Home » ART HISTORY » 2015-2 » Portraiture of Kharkov Region in works of the artists Kostyantyn Petrovych Pynyeyev and Ivan Mykytovych Svyatenko (the late XIX – the early XX century)

Portraiture of Kharkov Region in works of the artists Kostyantyn Petrovych Pynyeyev and Ivan Mykytovych Svyatenko (the late XIX – the early XX century)

Khomenko Kateryna

Kharkiv State Academy of Design and Fine Arts, Kharkiv, Ukraine

Field: Art History
Title: Portraiture of Kharkov Region in works of the artists Kostyantyn Petrovych Pynyeyev and Ivan Mykytovych Svyatenko (the late XIX – the early XX century)
Paper Type: Research Paper
City, Country: Kharkiv, Ukraine
Authors: K. Khomenko
Kharkiv portrait
Petersburg Art Academy
Iitinerantism
Impressionism
Art of Kharkiv region

The article presents the research results of portrait works of Kharkiv artist-academics of late XIX - early XX century. The artists K.P. Pynyeyev and I.M. Svyatenko are considered to be the outstanding representatives of Petersburg Art Academy, who worked in the provincial town of Kharkiv and were among the first artists who replaced the craft masters, artists- amateurs and iconographers who had been functioning as portraitists by that time. The study results include the art studying analysis of the features of the artists' careers, art preferences development, and the change of creative periods of K.P. Pynyeyev and I.M. Svyatenko. There are results of stylistic analysis of the general ideological, personal stylistic, technical and technological preferences of the both painters. The role of Itinerantism philosophy is opposed to the aesthetics of modernism in the creativity of the provincial artist from the western provinces of the Russian Empire (now - the south-eastern Ukraine). The article presents an analysis of the use of Impressionism techniques and academicism in the works of the artists; the techniques are contrasted and described from the side of commercial or non-commercial targeting of the artist who worked during the studied period.

References

1. Alexandrov: K.P.Pyneev paintings. (2010) Electonic gallery http://cleofide.livejournal.com/393512.html Accessed 12 December 2014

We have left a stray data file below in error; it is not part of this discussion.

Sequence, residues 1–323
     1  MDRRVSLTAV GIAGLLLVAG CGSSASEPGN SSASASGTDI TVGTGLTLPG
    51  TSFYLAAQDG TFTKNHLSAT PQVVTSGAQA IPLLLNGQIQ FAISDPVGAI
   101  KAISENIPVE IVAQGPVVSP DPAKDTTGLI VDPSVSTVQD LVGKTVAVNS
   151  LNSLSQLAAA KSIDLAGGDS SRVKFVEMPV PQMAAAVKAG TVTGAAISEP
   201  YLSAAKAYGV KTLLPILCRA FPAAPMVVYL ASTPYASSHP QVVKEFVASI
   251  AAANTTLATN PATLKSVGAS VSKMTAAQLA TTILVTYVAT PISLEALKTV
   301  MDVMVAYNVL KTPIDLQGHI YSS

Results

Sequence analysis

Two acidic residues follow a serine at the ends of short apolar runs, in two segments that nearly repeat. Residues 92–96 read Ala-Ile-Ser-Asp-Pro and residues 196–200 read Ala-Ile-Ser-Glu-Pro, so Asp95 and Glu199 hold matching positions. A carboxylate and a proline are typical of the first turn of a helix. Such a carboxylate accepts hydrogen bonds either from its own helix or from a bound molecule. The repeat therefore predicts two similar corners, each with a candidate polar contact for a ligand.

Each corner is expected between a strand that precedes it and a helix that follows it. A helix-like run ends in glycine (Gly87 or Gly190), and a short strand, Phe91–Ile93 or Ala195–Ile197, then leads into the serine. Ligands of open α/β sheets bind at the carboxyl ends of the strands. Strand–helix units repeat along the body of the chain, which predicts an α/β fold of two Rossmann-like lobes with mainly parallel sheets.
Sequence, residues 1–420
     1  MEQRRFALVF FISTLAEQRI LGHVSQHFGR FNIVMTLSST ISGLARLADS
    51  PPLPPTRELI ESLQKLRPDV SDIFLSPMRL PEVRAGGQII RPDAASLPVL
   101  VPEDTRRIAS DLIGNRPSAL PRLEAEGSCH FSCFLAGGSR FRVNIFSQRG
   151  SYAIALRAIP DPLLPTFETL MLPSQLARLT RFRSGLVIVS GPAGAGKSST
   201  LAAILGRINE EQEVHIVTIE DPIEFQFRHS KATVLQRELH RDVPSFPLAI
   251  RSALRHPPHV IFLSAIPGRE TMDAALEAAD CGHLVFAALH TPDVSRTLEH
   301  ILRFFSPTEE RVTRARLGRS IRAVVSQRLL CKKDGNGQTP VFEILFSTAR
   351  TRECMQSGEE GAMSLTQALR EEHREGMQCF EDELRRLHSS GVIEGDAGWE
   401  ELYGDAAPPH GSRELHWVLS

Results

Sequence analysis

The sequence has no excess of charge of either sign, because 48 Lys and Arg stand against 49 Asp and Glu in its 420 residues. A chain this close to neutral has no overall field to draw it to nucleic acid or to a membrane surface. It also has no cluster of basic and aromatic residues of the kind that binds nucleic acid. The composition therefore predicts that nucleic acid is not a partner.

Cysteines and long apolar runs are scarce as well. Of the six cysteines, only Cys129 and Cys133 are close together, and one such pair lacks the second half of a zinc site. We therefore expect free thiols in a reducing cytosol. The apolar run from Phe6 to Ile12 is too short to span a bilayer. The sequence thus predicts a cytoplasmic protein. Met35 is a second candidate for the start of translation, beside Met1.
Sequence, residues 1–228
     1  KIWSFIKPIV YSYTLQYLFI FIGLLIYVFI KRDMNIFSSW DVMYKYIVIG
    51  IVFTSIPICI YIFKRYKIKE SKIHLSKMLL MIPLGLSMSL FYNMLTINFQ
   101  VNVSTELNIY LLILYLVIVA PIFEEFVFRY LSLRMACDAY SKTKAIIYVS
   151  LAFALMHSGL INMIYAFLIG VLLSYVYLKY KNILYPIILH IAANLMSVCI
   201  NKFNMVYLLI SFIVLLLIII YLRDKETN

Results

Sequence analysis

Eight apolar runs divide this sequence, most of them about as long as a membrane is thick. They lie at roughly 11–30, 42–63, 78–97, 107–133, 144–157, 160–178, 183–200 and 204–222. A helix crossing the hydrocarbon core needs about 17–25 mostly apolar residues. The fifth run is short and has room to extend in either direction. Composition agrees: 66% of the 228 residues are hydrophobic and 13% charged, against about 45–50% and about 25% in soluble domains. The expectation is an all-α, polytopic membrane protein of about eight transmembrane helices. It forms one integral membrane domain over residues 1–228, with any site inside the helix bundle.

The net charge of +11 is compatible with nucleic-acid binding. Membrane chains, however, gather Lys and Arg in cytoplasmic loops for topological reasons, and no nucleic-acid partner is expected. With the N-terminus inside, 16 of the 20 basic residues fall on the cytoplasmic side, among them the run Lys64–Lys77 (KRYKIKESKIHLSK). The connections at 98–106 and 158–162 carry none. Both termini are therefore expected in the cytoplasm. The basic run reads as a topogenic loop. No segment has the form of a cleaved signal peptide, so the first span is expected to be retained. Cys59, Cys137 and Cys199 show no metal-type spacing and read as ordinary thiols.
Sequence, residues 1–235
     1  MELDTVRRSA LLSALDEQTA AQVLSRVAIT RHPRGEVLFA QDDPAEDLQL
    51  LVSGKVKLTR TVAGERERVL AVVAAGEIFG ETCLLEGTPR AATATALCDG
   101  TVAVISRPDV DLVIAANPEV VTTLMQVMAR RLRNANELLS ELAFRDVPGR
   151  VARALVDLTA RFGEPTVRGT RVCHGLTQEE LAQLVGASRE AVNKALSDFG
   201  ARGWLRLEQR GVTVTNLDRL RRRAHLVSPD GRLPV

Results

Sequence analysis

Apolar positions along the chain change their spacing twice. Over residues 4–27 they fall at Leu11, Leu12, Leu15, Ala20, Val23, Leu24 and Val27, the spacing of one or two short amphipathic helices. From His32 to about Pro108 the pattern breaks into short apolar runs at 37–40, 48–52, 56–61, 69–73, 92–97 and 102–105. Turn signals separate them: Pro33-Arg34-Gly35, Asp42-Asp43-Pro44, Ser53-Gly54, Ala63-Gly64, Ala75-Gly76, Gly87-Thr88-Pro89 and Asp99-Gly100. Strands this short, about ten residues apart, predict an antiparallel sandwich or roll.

2. Melnychuk L (2010) Traditions of artistic gathering in Slobozhanshchyna: Collection of Kapnists. Art Culture. Current Affairs: Science Herald. Institute of modern problems. art of IAB Ukraine; HIMDZHEST,Out. 7.P, Kyiv, pp 491-501
3. Ruban V (1986) Ukrainian portrait painting second half of XIX - early XX century, Dumka, Kyiv
4. Severyukhin D (1992)The golden age of art associations in Russia and the USSR (1820-1932) [Reference Edition] / Severyukhin D.Ya., Leikind OL - Petersburg: Publishing house Chernysheva, 400 p.
5. Sikorsky A (2008) The Time Machine. Lebedinskiy Art Museum not only art, but also the history http://rama.com.ua/mashina-vremeni/ Accessed December 2014
6. The artistic heritage of the artist KP Pyneeva in the Collections of the Alexandrov Art Museum. http://artru.info/ar/art/269/1/ Accessed December 2014
7. Titar V (2004)Ways of development of artistic work in Slobozhanschyna at the beginning of the XX century Kharkiv. Historical Almanac №2 original articles. Kharkov private museum city mansion http://ysadba.rider.com.ua/almanac.html Accessed December 2014
8. Shkurka M (2011) Village Mykhailivka Lebedinsky district of Sumy region in the works of prominent Ukrainian and Russian artists Native Land: Science journalistic artistic and literary almanac 07/2011 N2 pp 219-224.

1. Introduction

The dominant direction in the painting of the Russian Empire of the late XIX – early XX century was Itinerantism focused on the genre art. Portraits of the epoch can be characterized by philosophical, moralistic overtones or their task was limited by transmission of averaged realistic folk images. However, the range of a connoisseur and a customer of a ceremonial portrait in peripheral cities expanded. At the end of the century the number of merchants increased, the solvency of townspeople increased too, representatives of progressive intellectuals sought to satisfy the aesthetic thirst, having got their own portrait image. So, Kharkiv artists met the demands of those local authorities and customers with moderate means on yet desirable and popular portrait genre.